Leadership Solutions from Read Solutions Group: The Expert Leader

Thursday, October 15, 2009

The Expert Leader

Mary is a sales manager responsible for leading a team to develop and maintain at key accounts. She has garnered the respect of her team and her leadership through her keen ability to resolve issues with the customers. When there’s a problem, she analyzes the situation, thinks through options, defends her position and takes pride in working through to a successful conclusion.

Mary is typical of leadership at the Expert Level. She is a strong problem-solver who had developed an ability to think independently, to analyze the situation and to take a stand when she knows she’s right. With a focus on the steps to be taken and the desired outcomes, she leads her team through implementations of the solutions. She works hard to develop, support and defend her team, making sure that she is always pushing them for further growth. She thrives on being seen as the expert who understands the business and the customers.

Expert Leaders build strong relationships within their organization and with their management, yet tend to put little energy into building relationships with other units. The Expert Leader’s focus on analysis and tactics frequently leads them to focusing more on the “rightness” of their position, rather than buy-in, from their own group or from other key stakeholders. They frequently overlook the impact of stakeholder’s views on the ultimate effectiveness of a solution. Driving to solve problems, the Expert Leader deals with each issue as a discrete problem, often losing the opportunity to step back and find a broader, innovative solution.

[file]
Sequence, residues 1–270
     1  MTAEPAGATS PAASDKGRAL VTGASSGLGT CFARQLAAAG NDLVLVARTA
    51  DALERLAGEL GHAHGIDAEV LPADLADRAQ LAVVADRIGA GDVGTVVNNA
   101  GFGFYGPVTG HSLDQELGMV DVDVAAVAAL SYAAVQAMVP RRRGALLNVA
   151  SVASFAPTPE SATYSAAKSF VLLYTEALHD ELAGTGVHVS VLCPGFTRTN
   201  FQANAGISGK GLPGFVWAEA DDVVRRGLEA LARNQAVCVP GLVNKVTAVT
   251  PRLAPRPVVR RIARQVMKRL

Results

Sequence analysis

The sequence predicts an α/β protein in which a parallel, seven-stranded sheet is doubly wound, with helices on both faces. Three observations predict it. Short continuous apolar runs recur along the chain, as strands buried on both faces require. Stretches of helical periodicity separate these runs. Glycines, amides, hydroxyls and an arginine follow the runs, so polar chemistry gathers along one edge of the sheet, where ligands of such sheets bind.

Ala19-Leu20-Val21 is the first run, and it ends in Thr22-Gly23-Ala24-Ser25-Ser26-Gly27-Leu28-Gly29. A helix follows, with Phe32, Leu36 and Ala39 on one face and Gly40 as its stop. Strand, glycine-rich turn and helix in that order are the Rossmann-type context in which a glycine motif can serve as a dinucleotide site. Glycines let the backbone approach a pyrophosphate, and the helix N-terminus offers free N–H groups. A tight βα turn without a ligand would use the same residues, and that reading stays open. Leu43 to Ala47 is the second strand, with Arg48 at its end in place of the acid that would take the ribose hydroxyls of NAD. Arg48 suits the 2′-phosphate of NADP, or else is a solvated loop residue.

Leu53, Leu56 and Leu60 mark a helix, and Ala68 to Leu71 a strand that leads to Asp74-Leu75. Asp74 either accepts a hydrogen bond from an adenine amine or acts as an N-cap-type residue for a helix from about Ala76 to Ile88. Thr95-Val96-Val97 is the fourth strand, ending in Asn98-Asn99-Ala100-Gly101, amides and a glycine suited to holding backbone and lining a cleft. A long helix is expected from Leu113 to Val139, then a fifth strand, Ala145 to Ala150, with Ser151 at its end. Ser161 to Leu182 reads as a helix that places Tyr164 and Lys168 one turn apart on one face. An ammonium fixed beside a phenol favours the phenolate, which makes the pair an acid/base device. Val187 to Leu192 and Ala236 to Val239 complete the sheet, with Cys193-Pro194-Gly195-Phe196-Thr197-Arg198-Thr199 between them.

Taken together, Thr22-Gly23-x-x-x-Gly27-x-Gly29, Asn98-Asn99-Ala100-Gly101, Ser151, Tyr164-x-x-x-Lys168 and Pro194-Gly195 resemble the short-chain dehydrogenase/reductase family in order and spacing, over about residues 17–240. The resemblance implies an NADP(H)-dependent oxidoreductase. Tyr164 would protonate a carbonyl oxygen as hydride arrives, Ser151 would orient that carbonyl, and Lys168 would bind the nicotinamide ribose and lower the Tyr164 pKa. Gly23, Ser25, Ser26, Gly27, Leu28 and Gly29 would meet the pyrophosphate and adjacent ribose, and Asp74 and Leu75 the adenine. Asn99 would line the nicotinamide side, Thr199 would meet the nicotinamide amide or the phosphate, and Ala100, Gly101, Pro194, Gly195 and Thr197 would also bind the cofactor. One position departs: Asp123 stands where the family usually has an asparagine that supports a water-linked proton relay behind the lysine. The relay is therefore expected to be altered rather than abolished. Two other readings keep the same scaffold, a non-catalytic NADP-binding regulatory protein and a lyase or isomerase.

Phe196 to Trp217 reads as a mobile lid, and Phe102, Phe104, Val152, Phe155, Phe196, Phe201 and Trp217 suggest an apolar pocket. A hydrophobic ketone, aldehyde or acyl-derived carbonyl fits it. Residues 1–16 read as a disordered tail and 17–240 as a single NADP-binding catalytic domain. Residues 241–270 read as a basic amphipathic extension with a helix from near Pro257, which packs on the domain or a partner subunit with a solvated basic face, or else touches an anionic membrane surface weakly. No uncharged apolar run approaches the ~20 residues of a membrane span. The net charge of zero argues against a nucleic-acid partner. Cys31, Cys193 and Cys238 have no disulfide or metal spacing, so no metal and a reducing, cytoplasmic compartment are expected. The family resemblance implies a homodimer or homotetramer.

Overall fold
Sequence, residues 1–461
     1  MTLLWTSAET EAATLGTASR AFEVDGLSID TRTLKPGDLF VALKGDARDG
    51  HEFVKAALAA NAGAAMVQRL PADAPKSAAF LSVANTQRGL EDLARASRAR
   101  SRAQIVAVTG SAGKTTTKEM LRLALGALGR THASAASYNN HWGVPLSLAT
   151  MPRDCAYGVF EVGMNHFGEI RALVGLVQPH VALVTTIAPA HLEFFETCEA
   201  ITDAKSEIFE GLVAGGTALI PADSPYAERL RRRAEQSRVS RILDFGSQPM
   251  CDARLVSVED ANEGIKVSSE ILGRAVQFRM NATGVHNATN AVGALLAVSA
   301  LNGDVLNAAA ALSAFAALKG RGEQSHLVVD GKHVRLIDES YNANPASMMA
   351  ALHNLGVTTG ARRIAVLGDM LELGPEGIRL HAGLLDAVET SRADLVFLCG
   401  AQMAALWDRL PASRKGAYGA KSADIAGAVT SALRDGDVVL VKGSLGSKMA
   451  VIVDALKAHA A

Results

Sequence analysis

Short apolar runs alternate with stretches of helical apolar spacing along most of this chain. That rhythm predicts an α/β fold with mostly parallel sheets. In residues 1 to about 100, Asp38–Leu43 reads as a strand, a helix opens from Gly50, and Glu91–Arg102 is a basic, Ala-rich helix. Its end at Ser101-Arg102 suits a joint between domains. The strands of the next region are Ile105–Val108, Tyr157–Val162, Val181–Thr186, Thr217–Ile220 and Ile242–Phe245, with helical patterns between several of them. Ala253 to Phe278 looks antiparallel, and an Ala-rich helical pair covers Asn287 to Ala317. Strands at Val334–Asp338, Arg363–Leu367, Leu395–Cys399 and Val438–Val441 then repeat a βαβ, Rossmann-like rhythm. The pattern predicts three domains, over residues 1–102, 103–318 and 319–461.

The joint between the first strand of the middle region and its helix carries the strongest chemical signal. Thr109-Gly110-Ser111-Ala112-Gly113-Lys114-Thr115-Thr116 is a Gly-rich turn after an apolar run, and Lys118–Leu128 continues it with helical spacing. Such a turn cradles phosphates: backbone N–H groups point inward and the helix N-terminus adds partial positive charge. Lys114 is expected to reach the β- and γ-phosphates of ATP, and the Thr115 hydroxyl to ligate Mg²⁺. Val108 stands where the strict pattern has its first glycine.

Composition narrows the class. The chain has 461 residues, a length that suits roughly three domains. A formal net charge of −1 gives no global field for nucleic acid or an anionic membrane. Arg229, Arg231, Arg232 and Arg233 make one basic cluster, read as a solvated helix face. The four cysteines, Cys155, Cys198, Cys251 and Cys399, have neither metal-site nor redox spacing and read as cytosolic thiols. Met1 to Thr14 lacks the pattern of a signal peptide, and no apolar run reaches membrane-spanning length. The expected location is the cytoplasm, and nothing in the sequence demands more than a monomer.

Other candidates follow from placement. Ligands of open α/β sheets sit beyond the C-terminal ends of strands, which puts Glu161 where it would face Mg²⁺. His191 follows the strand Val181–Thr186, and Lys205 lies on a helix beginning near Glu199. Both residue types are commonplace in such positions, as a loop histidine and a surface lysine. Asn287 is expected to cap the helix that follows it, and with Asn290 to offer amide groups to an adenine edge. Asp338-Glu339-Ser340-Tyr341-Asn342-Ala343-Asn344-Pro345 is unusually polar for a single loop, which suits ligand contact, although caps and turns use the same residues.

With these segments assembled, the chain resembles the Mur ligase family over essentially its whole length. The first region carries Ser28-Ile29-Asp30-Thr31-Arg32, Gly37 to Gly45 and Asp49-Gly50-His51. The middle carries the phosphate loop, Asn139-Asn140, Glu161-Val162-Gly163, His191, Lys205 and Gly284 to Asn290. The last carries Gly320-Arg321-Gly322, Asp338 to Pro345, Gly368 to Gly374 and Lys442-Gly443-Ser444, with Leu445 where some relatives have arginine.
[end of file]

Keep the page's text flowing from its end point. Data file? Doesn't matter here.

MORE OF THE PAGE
The Expert Leader is unlikely to seek feedback from her team or peers. This plays out in different ways, depending on the natural style of the individual. With an assertive style, she will frequently overlook or dismiss options that suggest she’s less than fully correct. With an accommodating style, he’ll frequently overload himself with work, correcting other’s work to his standards, and limiting his availability to give feedback and coaching. A key development challenge for the Expert Leader is finding a style that opens them up to giving and receiving feedback.

Within her organizational unit, an Expert Leader is likely to function more as a supervisor than a manager. Problem-solving and direction-setting discussions are typically held one-on-one, with group meetings relegated to information sharing. In fact, the direct reports of an Expert Leader are likely to function as a group, at best, and rarely as the team that might arise if the Expert Leader were more open to other opinions and options.

Developing the Expert Leader

  1. Define the leadership ideal. The Expert Leader is working towards an ideal of being smart, efficient, capable, and looked to as the Expert. Challenge the Expert Leader to observe the style of leaders they admire, and to notice how they look to and motivate others to make more strategic changes.
  2. Learn to seek feedback. The Expert Leader finds it faster and more efficient to advocate for their position. Seeking feedback requires the Expert Leader to find a balance between efficiency and effectiveness. Feedback can start with understanding the impact of their style through a 360 assessment. In addition, the Expert Leader can be challenged to notice when input from a broader group resulted in a better outcome. The Expert Leader is often unaware of how their biases, beliefs and standards may blind them to alternatives; place the Expert Leader into situations where their existing frameworks cannot be taken for granted.
  3. Build team leadership skills. The Expert Leader can be coached to use meetings to generate and listen to ideas, to leverage the skills of the team members and to build group understanding and buy-in to a direction. The Expert Leader may need to retain ultimate decision-making authority; yet schooled in curiosity and inquiry, the Expert Leader can learn how to develop a team.

In the next posting, we’ll contrast the Expert Leader with the Achiever in how they view leadership, how they manage pivotal conversations, and their agility in leading teams.

Labels: ,


Post a Comment

Links to this post:

Create a Link

<< Home